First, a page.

Multi-million funding allocated for forest research

Last changed: 13 February 2024

The spring semester is well underway. Almost halfway through February and the light is returning with each passing day. Life is marked by vivid contrasts. While still a challenging time globally, recent weeks have brought positive news and reasons for me, as dean, to feel great pride in our work at the faculty.

February 6, SLU received great news. The Knut and Alice Wallenberg Foundation (KAW) has decided to allocate 272 million SEK in a strategic investment in forest research science at SLU and our faculty. The investment focuses on basic research and future forest management and conservation. The donation therefore goes hand in hand with our ongoing commitment to sustainable forest management.

The investment falls under the umbrella of the Wallenberg Initiatives in Forest Research (WIFR) at the forest faculty. The largest single part is a research school where up to 50 PhD students will be educated – 14 of which are to be collaborative. An extension of the KAW efforts in Future silviculture and Forest biology and biotechnology are also part of the donation. We are currently overseeing the organisation of WIFR and considering possible synergies with other actors and organisations. I will return with more information and details over the coming months.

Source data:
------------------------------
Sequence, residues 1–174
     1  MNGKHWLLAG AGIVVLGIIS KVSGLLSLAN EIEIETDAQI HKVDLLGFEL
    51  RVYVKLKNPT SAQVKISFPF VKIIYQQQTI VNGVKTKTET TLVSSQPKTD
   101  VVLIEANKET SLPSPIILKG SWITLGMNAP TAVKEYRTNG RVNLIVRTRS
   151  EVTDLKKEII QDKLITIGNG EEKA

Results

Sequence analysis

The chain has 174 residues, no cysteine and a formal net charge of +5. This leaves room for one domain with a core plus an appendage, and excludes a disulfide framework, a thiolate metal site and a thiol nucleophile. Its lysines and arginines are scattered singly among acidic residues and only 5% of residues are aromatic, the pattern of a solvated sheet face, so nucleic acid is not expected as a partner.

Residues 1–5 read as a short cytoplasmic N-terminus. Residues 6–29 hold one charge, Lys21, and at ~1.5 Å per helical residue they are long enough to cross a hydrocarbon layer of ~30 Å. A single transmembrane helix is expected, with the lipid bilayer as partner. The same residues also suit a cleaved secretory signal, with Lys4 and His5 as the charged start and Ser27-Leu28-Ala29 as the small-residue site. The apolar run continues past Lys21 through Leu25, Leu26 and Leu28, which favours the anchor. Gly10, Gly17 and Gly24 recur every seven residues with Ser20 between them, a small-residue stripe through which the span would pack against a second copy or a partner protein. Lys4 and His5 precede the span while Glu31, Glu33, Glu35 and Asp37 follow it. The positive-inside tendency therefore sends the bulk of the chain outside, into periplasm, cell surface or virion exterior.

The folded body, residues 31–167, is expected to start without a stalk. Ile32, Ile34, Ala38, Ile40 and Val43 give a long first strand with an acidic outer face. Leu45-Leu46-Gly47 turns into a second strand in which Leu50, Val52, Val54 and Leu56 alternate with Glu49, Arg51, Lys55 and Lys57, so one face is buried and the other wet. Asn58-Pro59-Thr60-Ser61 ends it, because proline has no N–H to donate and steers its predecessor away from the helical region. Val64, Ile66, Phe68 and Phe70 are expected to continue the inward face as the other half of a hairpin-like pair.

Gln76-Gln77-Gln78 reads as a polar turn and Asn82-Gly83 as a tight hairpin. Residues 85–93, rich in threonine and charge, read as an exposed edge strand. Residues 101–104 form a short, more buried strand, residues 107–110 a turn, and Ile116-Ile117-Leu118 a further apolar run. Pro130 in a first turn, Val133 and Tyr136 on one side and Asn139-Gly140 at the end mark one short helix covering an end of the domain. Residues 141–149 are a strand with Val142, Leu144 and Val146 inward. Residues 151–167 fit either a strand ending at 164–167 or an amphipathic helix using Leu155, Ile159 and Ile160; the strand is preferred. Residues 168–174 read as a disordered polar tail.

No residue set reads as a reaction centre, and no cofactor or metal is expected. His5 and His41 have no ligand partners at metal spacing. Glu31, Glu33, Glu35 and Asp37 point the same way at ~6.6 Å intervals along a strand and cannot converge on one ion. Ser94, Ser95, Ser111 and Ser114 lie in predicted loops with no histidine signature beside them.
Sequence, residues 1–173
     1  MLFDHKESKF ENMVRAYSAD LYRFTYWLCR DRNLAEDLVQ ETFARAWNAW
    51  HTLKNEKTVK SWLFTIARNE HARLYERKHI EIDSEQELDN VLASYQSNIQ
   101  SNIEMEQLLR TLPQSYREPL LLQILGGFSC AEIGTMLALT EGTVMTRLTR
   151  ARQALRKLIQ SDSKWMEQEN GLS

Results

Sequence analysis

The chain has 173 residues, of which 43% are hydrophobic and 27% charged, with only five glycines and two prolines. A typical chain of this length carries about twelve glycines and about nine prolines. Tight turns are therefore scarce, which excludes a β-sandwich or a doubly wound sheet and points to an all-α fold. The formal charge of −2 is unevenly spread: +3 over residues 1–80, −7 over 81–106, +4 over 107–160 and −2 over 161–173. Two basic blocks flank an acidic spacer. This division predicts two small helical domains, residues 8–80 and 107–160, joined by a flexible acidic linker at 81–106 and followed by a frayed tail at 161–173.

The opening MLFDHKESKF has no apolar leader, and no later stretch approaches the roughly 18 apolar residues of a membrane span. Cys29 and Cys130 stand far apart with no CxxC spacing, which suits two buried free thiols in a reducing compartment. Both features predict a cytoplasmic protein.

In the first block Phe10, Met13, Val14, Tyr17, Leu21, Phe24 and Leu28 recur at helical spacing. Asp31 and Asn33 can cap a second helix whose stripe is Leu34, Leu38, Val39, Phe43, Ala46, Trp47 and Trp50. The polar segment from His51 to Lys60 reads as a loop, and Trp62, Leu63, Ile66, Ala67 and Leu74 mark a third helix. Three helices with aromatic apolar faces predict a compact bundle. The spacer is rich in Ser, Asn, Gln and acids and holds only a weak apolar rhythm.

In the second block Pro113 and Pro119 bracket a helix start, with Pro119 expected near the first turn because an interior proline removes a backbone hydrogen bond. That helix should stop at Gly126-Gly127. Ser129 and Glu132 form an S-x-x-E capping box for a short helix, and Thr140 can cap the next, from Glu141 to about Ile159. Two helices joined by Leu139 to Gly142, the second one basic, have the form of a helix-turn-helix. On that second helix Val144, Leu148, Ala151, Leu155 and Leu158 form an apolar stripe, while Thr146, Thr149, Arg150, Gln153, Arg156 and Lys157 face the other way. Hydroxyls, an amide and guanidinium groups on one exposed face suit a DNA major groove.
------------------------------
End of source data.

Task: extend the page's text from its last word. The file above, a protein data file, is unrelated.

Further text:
The fact that SLU receives such a large investment is no doubt down to our excellent work at the faculty. Everyone has contributed to this and as dean, I want to stress that it would not have happened without you. Our work, our world-class research and environmental monitoring and assessment are all having an impact.

January 30, French President Emmanuel Macron and Swedish PM Ulf Kristersson signed a renewed partnership agreement. SLU has been involved in the preparatory work leading up to it. The forest is highlighted as a central theme for intergovernmental cooperation. For SLU this means increased bilateral exchange and increased collaborations with French researchers and organisations. The expanded cooperation aims to promote sustainable forestry and forest-based products for the transition to a sustainable, green, and fossil-free society. The agreement stresses areas like biodiversity, bioenergy, forest damage and climate adaptation. It also highlights bilateral collaborations on the use of space data in climate research. Therefore, my advice going forward is to continue nurturing and developing existing networks and collaborations with French partners.

See you around. Thanks for your contributions!

Göran Ericsson, Dean